There’s been a number of fairly alarming reports coming from Nest users about cameras being taken over by “hackers” who use unsuspecting Nest cameras to broadcast potentially terrifying messages of nuclear bomb threats from North Korea (or worse, asking Alexa speakers to play Justin Bieber). The more tech-savvy among us may recognise that this isn’t a security failure on Nest’s part, but rather tricksters finding that they’re able to log in to strangers’ Nest accounts with usernames and passwords that have been gathered and distributed around the internet.
It turns out these stories have gained enough traction for Nest to address the issue: Nest VP Rishi Chandra sent an email to users today to reiterate that the company’s devices have not been hacked and that there are some simple steps they can take to increase security. Foremost among those is turning on two-step verification and, of course, using a strong and unique password for your Nest account.
Clearly walks users through how their cameras could be compromised without it being Nest’s fault:
“For context, even though Nest was not breached, customers may be vulnerable because their email addresses and passwords are freely available on the internet. If a website is compromised, it’s possible for someone to gain access to user email addresses and passwords, and from there, gain access to any accounts that use the same login credentials. For example, if you use your Nest password for a shopping site account and the site is breached, your login information could end up in the wrong hands. From there, people with access to your credentials can cause the kind of issues we’ve seen recently.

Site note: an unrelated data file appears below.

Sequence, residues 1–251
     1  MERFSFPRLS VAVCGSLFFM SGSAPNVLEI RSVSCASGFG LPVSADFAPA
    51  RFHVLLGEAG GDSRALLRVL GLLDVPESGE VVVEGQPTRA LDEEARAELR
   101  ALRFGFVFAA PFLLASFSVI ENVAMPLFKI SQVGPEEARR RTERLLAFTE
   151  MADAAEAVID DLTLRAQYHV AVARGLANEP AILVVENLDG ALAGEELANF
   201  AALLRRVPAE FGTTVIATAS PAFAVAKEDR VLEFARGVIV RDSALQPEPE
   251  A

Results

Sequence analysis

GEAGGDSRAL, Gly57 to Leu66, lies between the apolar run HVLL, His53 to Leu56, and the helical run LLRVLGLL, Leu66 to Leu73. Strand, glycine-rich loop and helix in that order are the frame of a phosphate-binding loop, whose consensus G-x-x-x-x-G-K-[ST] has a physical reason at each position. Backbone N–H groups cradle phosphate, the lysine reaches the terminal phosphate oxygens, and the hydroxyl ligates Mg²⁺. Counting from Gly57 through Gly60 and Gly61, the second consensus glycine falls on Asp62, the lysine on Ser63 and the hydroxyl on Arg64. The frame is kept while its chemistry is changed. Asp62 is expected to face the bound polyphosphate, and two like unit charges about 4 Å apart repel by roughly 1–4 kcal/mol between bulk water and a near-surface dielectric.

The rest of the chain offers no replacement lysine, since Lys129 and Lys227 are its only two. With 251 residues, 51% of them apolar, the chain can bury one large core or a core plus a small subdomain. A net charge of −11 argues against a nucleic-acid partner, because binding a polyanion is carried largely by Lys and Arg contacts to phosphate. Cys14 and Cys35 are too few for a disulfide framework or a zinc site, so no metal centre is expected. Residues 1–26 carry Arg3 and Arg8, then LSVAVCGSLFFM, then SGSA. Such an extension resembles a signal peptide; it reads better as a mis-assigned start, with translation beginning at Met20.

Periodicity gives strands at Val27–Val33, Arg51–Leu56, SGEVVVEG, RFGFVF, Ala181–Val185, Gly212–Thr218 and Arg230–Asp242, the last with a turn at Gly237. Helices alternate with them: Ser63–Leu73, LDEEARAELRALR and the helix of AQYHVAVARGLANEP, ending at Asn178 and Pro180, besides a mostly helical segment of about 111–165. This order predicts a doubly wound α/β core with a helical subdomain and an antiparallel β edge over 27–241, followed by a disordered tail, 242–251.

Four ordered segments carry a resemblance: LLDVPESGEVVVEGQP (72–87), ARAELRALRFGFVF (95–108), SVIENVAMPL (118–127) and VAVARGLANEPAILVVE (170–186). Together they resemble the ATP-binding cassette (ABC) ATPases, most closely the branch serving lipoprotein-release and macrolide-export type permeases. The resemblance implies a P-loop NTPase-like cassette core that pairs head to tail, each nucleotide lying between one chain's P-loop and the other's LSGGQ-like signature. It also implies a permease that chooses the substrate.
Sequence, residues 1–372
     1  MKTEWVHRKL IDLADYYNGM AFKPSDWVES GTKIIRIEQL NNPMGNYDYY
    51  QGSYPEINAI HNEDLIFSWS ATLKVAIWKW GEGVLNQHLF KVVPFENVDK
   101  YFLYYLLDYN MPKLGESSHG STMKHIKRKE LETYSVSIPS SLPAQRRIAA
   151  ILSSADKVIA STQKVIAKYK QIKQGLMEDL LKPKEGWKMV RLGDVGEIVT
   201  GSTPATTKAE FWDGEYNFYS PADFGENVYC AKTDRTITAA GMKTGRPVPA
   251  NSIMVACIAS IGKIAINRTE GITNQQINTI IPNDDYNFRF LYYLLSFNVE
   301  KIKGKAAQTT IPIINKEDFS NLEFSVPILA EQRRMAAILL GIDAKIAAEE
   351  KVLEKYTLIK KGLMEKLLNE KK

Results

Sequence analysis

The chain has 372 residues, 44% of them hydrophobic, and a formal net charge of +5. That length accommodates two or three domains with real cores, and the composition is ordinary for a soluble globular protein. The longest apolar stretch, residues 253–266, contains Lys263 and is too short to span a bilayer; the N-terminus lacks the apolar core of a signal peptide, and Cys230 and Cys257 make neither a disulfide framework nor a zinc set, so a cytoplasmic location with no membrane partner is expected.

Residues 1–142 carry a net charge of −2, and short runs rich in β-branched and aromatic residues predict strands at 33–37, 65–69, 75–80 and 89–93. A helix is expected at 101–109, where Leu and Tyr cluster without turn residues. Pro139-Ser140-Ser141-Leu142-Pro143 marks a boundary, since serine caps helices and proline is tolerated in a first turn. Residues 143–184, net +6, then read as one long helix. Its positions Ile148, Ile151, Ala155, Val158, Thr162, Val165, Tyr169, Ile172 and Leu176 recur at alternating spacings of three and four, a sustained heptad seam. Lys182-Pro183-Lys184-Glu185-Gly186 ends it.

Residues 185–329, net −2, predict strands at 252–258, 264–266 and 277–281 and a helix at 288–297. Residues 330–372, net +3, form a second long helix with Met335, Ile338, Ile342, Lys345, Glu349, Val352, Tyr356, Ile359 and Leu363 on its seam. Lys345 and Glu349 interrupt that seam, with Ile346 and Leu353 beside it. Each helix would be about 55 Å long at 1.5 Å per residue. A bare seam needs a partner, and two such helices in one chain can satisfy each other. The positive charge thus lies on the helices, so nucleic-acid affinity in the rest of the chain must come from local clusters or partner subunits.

His message also suggests setting up family accounts, rather than sharing an email and password with multiple members of the family who might need access to Nest. Similarly, he also says users should keep their routers secure and up-to-date and to keep eyes peeled for phishing email schemes.”
These are all reasonable tips, and one all users should take heed of, but the fact that it was necessary for Nest to send this email in the first place suggests the company let this story get away from it to some extent. Still, there isn’t much the company can do about its customers re-using insecure passwords other than insisting on 2 factor authentication. Chandra also said in his email that Nest proactively alerts customers when their credentials are found in data breaches and temporarily disables access to accounts.
Step 1: Login to your Nest account and select Account security then click to toggle “2 step verification” On.
Step 2: You will be asked to verify your account password and enter your phone/cell number.
Step 3: You will now receive a one-time use verification code on your mobile device, enter it in the spaces provided and click continue.
Step 4: You’re all set! Just check that the toggle is set at “On” and your phone number appears in space on screen.
Making sure you take these simple steps to secure your Nest or any home security system that allows 2 Step/Factor Authentication will ensure that you are in total control of your account.